How to respond to negative online comments

Sometimes customers have legitimate problems with your product—and sometimes the trolls are out to get you. Here’s how to handle both.

Uh oh. Someone doesn’t like your brand on social media.

Now what?

Don’t panic. Even if you have the best product or service in the world, chances are there is someone in the residual corners of the Internet who doesn’t like you and will make sure you know it.

An online presence does allow negative users—including trolls—to swing by and crash your party. But this isn’t the norm, so don’t let it discourage you from building an online community. You need an online community to grow your business, so don’t let some negative comment ruin the relationship you can have with loyal customers.

Besides, there are ways to handle the day-to-day negative social media comments you may receive. These are tips I’ve learned through my experiences. Feel free to chime in if you have something to add to the list.

Determine the cause

It’s important to determine the context for the negative comment so you can determine your response. For example, did your latest Facebook post prompt the negative comment? Is there something about your company you can tie it back to? Did someone react to a bad customer service experience or product problem?

Essentially ask yourself, “Are we at fault here?”

If so, you know what to do: Rectify the situation. Since this is a public forum, respond quickly—the rest of the world can see what’s going on. Keep the response short (one or two exchanges tops), acknowledge the shortfall, and redeem your fault by being willing to help.

Take this as an opportunity to show your company’s good customer service, but keep the details of the resolution private. Ask the person to privately message you his contact information, or ask him to email or call a customer service representative to take it offline. You don’t want opportunists to think you give away refunds like candy.

On the other hand, if what prompted the comment wasn’t your fault, there are things to keep in mind before you reply.

Determine the right response

I’ve come across many reasons why people post negative comments on a page. Sometimes they have legitimate concerns, such as a personal issue with the product. Other times they just need to blow off steam, and your page was the place for them to go.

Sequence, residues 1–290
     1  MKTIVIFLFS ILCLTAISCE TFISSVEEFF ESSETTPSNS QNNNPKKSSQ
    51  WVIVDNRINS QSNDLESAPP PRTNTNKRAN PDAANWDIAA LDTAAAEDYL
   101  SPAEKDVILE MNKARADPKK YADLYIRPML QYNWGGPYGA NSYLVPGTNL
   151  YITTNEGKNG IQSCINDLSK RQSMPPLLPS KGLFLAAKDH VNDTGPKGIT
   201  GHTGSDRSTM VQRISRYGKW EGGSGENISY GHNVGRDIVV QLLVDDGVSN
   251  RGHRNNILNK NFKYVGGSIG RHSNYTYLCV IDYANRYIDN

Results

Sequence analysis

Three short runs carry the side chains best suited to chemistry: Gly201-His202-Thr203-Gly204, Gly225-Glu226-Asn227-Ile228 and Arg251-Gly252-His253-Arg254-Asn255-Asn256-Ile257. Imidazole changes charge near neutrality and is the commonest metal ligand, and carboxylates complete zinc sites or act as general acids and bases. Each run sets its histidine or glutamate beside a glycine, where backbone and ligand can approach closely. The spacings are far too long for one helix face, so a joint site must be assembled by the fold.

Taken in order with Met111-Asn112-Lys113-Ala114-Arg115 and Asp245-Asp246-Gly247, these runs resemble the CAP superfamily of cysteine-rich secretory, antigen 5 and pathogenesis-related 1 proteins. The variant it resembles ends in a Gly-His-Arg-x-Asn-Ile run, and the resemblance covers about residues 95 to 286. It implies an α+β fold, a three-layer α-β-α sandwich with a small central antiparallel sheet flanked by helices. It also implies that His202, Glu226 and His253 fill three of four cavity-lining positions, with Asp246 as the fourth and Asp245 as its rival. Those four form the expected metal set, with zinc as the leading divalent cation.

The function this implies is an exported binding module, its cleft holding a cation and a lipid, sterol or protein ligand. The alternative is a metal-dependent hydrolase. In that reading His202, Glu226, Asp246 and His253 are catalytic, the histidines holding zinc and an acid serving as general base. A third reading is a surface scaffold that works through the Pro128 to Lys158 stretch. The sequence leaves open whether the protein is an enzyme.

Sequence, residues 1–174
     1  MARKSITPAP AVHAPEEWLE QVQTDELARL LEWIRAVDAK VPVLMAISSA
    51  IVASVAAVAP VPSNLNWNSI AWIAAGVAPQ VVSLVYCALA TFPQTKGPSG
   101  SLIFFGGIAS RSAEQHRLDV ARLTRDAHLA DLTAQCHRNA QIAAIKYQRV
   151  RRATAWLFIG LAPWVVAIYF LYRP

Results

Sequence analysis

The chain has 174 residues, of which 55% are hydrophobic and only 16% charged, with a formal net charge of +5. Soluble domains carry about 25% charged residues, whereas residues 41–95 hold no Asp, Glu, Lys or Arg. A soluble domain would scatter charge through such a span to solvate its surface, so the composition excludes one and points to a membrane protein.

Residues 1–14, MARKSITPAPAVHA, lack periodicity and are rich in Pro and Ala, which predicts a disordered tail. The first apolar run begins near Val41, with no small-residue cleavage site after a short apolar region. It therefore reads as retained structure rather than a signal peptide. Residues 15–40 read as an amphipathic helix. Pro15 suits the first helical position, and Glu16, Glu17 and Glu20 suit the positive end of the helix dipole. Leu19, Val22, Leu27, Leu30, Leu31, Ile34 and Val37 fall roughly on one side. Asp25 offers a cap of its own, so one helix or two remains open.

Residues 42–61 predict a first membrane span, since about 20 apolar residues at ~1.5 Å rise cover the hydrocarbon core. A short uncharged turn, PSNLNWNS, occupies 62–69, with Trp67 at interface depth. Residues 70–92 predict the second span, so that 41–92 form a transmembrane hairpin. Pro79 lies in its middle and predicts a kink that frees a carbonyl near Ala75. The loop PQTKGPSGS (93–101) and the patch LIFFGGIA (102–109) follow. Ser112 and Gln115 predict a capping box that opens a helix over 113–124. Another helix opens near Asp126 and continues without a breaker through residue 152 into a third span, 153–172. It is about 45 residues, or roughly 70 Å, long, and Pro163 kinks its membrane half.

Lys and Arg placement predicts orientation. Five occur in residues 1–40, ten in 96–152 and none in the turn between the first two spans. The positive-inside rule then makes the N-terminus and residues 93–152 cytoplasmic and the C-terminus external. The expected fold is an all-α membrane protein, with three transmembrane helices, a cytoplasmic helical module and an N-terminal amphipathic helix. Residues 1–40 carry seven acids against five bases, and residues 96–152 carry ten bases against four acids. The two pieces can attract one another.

When you have a negative comment that isn’t your fault, think about which battles you’ll fight. Consider if it’s even necessary to respond.

Why?

Some may disagree, but sometimes there simply isn’t anything productive the company can say. The last thing you want is to engage in a back-and-forth discussion with a customer who is angry and irrational. The person may not want a resolution, so it may be more prudent to stay quiet.

But if there is a statement your company needs to reply to, such as a gross misunderstanding about your company, you can do so by being polite and warm. Take an hour or two before you respond and, if possible, ask a colleague to look over a draft of your response. Think about how you can reply with a sentence or two that acknowledges the person (start with a “We appreciate your comment, so-and-so”) and sweetly resolves the issue. Most of the time, the person will come back with an appreciative response.

When to delete a comment or ban someone

Now and then you may encounter a rogue troll. This person who won’t be happy with anything you do. Don’t be intimidated by him, though. Remember, this is your community and you set the rules.

If you tried responding politely to no avail, click on the “delete and ban” button. That person has no business on your page if he can’t follow the community’s rules, especially if he used profanity or made offensive statements.

Again, these tips would serve you best for the day-to-day negative comments you may receive. If something a little more involved happens—say, a big online blow-up—you may need to implement a more involved crisis plan.

Ifdy Perez is a social media strategist with a specialty in community building. A version of this article originally appeared on the Vocus blog. Follow Perez on Google+.

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